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Hall Relay for Life expects 17,000
Event starts at 7 p.m. Friday and lasts until 7 a.m. Saturday
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Hall County Relay for Life

When: 7 p.m. June 1 to 7 a.m. June 2
Where: Road Atlanta, 5300 Winder Highway, Braselton
Contact: Andrea Shoemaker, 770-297-1176 ext. 29065 or visit www.hallrelay.org

You don’t have to be a scientist or a doctor to help find a cure for cancer. You just have to walk.

Some 17,000 people are expected to attend the annual Hall County Relay for Life this Friday and Saturday at Road Atlanta in Braselton.

“We’re going to make cancer a name that is associated with the past, not the present or the future,” Andrea Shoemaker, senior income manager for the Hall County American Cancer Society, said.

Shoemaker said it’s been amazing to see the level of support people in Hall County have given to the cause. The group has raised just over $300,000 of its $466,000 goal.

“It may look like a number but that number represents what can be done for cancer victims,” Shoemaker said.

From research to preventive testing, Shoemaker said, the American Cancer Society saves 50 lives a day.

The money will go to help fund grants for cancer research and provided much-needed services for those battling cancer.

The event will begin at 7 p.m. and last until 7 a.m. Several bands will play during the night to entertain those walking. Children can play in bounce houses and have their hair made up in funky designs. Many of the teams will be selling hot dogs and hamburgers to raise additional funds.

Shoemaker said that families can attend and have a lot of fun for the same price as a dinner out.

“It’s really exciting, too, because you can do a lot of fun things and it doesn’t cost very much to have a fun family time,” Shoemaker said.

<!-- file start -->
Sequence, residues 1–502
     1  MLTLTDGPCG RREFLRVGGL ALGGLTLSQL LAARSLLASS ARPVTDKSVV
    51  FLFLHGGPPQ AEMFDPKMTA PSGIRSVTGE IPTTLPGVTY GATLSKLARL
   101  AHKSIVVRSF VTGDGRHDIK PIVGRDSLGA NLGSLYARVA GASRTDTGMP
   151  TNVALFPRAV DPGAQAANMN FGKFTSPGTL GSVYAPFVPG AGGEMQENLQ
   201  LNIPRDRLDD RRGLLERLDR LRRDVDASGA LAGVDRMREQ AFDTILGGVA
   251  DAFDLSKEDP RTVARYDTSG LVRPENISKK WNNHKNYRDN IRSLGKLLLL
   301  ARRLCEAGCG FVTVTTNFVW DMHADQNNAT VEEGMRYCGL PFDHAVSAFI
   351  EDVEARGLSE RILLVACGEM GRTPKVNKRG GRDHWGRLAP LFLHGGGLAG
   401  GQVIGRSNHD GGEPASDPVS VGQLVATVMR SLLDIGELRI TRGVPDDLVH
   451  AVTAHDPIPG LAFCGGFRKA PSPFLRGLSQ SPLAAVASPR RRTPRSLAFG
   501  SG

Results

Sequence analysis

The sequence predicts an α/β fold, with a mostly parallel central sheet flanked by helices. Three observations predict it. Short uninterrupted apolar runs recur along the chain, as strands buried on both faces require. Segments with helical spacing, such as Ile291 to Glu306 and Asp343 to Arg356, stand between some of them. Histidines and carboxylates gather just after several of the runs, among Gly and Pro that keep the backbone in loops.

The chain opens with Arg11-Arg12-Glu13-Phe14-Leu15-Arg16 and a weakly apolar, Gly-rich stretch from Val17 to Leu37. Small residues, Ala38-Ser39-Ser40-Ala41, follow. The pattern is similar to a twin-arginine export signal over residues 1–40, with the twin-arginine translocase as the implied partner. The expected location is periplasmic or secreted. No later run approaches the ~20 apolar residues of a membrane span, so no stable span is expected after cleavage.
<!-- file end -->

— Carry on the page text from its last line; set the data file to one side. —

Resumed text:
The highlight of the evening will take place at midnight with the annual Miss Relay pageant. Male contestants will wear evening dresses and lip-sync to try to raise money. The man who raises the most will be crowned Miss Relay.

The event is sure to entertain but will also provide moments to remember and honor those who have been victims of the disease.

The first lap around the track will be walked by survivors. Those who have battled and lived through cancer are given purple shirts to wear. Shoemaker said this can be one of the most moving experiences of the night.

“You’ll see kids that are small and they wear the shirt that’s too big for them. It looks like a little dress. It’s very inspirational,” Shoemaker said.

After the first lap, their caregivers will join and after that teams and individuals can walk along the track. Ideally someone from each team will be on the track all night.

At 10 p.m., the lights will turn down low and the music will stop. Hundreds of candles will be lit for the luminaria ceremony in memory of those who died and in honor of those who have lived.

“It’s a beautiful time but it’s also a time of empowerment because we can see we are fighting back. We’re not giving up,” Shoemaker said.

Gail Schneider, co-chair of Hall County Relay for Life, has seen just how much difference these events can make.

Twenty-eight years ago, Schneider’s mother was diagnosed with ovarian cancer and her aunt with breast cancer.

Both died that year. Her mother was just 47 and her aunt was 45. The next year her grandfather died of cancer in his neck.

“Cancer pretty much devastated my family,” Schneider said.

Ten years ago, her sister was diagnosed with the same cancer that killed her mother. She was 52 when she died.

During the five years her sister battled cancer, Schneider said it was easy to see the improvements in cancer treatments.

“My sister had a much better quality of life,” Schneider said.

Her sister lived four years longer than her mother and never felt ill because of her treatments. Her mother was a frail 95 pounds when she died.

Schneider said she knows how important it is to get involved and do everything possible to find a cure. She said she doesn’t want another family to be torn apart by cancer.

“I don’t want them to go through what my family has gone through. So we have to find a cure for the disease,” Schneider said.